Losing All-Ireland was best thing for Clare says manager

Losing All-Ireland was best thing for Clare says manager

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Clare Ladies Football manager, Neil Moynihan

Clare’s intermediate ladies football begin their 2017 campaign this Sunday as they welcome Waterford to Carron in the opening round of the Lidl National Football League Division 2.

Neil Moynihan is now in his second year as manager of the Banner County, he led the side to the All-Ireland final last September where they came up short against Kildare. Since then they have been rocked by the departures of Louise Henchy who has retired from inter-county football, Niamh Keane, Emma O’Driscoll, Eva O’Dea, Laura Egan and Caoimhe Harvey who have opted out for the year while Aoife Keane is focusing on camogie.

There are eleven new panellists this year, namely Eimear O’Connor, Roisin Looney, Tara Kelly, Lizzy Roche, Caitriona Callinan, Sarah Hastings, Anna Courtney, Nicole O’Doherty, Amanda Mulcair, Becky Madigan and Aine Browne. Over half of these are minor footballers.

Further additions have been made from last year, that being to Moynihan’s management setup. Gary Sweeney, a winner of an All-Ireland U21 medal with Galway is the side’s nutritionist while he also be tucking into the role of defensive coach, Mayo duo Conor Finn and Sean Boyle are taking charge of the strength and conditioning while Cooraclare man David O’Brien is coming on board as selector, Paul Mannion continues in the same role from last year.

Moynihan has had plenty of time for reflection since their one point September 25th defeat to Kildare in the All-Ireland decider. By taking the approach of looking back in order to move forward, the Galway native feels that it was better Clare lost that game.

“I don’t think there’s any pressure on the girls from last year, it’s a completely different team, it is a bit of a transition period and on hindsight with the players we have available at the moment it’s probably the best thing that we didn’t win the All-Ireland because if we won the All-Ireland went up and had the players retired and young players come in it would be a very difficult time up in senior. At least we’re down here now ready to give intermediate and division two another crack, give plenty of game-time to the new players and hopefully they’ll buy into it and start a long career in Clare ladies football”.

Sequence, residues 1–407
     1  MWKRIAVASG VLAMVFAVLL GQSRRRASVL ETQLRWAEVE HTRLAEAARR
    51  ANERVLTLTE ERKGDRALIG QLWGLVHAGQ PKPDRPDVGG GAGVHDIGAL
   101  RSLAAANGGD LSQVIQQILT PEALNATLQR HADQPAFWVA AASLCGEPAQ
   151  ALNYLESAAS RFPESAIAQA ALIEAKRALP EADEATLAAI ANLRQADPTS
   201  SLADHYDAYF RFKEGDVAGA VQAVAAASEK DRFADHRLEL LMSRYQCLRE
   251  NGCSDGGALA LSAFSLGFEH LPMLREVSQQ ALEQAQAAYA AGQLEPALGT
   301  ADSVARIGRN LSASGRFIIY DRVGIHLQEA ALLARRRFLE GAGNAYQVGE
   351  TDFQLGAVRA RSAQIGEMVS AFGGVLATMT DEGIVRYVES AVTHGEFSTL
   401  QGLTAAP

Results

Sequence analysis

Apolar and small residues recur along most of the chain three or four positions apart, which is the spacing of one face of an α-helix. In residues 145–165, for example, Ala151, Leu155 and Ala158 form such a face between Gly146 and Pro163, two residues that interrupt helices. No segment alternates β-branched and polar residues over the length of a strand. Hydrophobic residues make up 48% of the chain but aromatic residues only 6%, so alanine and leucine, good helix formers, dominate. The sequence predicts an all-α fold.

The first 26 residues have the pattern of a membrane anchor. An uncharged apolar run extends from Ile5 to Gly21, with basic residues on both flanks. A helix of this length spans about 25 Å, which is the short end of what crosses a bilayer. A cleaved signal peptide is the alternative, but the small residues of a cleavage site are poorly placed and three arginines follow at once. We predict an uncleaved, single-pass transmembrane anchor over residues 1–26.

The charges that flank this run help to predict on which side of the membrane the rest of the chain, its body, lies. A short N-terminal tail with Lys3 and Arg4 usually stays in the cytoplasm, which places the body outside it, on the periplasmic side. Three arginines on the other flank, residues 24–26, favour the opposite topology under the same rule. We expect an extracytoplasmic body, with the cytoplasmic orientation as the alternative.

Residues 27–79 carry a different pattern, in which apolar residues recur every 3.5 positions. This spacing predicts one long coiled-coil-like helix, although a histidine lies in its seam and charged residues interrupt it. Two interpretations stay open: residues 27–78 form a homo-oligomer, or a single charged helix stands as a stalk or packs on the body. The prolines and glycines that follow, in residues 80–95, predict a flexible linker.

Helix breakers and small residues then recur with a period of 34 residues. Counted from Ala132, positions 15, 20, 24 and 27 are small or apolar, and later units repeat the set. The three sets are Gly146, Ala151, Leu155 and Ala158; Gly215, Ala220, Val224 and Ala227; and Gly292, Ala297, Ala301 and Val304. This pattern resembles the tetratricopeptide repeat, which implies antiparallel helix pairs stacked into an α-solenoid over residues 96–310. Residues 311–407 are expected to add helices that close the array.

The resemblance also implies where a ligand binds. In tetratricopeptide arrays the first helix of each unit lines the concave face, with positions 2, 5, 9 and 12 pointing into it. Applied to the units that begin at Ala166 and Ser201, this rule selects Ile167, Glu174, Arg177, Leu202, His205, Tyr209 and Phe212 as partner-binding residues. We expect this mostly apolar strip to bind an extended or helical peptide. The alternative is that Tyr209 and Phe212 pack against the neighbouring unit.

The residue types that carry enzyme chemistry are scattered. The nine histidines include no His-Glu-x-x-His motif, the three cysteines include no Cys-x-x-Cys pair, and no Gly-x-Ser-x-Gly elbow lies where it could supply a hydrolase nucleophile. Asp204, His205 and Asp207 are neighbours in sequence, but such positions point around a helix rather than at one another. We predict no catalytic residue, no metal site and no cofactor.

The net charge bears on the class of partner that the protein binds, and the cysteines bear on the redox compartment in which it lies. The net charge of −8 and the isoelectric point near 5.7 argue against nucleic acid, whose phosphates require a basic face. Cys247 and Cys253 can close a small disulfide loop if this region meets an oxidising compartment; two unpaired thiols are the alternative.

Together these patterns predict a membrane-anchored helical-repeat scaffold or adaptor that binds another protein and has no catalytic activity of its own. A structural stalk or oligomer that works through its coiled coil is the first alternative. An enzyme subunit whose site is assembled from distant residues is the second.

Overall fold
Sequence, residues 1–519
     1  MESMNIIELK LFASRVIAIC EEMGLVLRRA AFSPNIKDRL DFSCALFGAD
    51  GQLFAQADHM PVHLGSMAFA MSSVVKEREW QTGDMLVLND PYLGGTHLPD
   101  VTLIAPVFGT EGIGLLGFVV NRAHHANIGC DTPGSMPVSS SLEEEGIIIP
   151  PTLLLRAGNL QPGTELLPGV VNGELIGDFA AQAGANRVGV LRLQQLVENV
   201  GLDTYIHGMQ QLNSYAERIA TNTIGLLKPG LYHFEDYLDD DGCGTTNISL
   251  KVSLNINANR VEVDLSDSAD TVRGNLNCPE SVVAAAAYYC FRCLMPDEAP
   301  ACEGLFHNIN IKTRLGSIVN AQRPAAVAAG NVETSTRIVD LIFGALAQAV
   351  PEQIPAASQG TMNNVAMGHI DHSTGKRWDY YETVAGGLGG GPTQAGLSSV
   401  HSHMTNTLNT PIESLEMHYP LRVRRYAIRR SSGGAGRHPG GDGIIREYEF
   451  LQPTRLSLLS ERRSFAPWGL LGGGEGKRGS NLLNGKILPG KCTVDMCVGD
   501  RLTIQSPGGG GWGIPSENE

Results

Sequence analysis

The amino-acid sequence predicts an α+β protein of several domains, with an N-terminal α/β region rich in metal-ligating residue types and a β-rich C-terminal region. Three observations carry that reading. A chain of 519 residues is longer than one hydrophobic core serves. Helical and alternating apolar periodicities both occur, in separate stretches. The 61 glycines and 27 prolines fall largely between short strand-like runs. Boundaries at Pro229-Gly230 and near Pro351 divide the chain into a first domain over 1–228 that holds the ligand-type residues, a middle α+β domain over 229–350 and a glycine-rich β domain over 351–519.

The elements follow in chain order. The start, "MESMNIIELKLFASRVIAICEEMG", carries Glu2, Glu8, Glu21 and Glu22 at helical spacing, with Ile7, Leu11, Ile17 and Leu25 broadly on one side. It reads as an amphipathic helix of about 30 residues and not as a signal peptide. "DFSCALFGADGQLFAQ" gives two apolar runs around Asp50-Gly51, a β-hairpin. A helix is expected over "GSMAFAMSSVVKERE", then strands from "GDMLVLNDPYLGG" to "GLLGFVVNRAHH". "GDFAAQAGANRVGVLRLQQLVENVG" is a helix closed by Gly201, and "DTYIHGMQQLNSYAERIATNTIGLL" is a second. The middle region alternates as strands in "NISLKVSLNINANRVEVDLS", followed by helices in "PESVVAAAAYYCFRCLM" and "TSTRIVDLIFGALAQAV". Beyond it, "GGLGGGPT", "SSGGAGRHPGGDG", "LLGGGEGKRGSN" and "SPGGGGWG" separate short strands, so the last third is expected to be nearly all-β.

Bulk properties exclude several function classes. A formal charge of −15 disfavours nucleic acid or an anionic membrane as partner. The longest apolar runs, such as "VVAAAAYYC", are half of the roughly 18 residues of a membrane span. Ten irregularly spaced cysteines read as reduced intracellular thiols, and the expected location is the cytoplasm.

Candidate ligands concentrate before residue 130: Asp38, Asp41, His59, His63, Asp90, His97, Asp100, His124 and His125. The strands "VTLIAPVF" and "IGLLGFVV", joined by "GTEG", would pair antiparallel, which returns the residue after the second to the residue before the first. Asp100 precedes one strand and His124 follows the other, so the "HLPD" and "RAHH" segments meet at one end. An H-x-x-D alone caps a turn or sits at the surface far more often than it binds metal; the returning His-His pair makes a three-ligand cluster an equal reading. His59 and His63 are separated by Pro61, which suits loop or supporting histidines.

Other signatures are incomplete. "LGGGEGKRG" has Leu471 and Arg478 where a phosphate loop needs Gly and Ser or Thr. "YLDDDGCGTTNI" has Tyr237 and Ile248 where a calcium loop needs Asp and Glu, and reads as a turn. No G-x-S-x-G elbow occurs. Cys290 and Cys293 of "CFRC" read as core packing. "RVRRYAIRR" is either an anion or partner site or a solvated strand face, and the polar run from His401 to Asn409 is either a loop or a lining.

It’s a young county team with an average age between twenty one and twenty two. Speaking on Sideline View, Neil highlighted how difficult a start these young players have in the 2017 League. “The start is incredibly tough, we have the four senior teams starting off, Waterford at home, Cavan away, Laois at home and Westmeath away, they’re four incredibly tough games and to get a result out of them is going to be tough. If we do get any result out of them four games I’ll be incredibly proud of the girls because you’re talking a lot of sixteen and seventeen year old girls coming in and taking places of very experienced players so if they can close the gap on these teams that early I’d be very happy”.

He will give players an opportunity to impress in the league and admits they may have peaked too soon last season. “I would have felt pressure because I would have been unknown in Clare and I wanted to make a good impression. Now that I’m known I’m taking a different approach and we’re hoping to peak in championship. I felt last year between the quarter-final, semi-final and final our performances depleted and that could have been down to being tired and not being used to the long season so we’re going to pace ourselves more this year”.

Of their objectives for the year, Neil said “Like last year I didn’t put targets on ourselves and I’m probably going to do a pretty similar thing this year, I haven’t really mapped out exact target I want the girls to hit but as I said to them ‘if we get to a league semi-final they’ll have a lot lighter training for them three weeks’ rather than if we didn’t make the semi-final. They’ll be motivated to make the semi-final but at the same time I want to get as much girls game time in the league and get them prepared better for championship so trying to keep a bigger panel than last year rather than going into an All-Ireland Final with only nineteen players that was a huge ask for the girls and want to be in a better position come championship”.

Waterford travel to the home of the GAA’s founder, Micháel Cusack in Carron for Sunday’s 2pm tie if the hosts can get a result their boss will be very happy. “They’ve some excellent footballers, a lot of things we’ll have to look out for like not giving away frees and 45s when they have a player like Marie Delahunty who will slot frees from anywhere. They also have the threat inside of Aileen Wall with her pace so we’ll have our hands full but when Clare play Waterford it’s always a good game, it’s always an entertaining game and it’s always a good game for a spectator to turn up and watch. If we can sneak a result this early on, I’d be very happy”.

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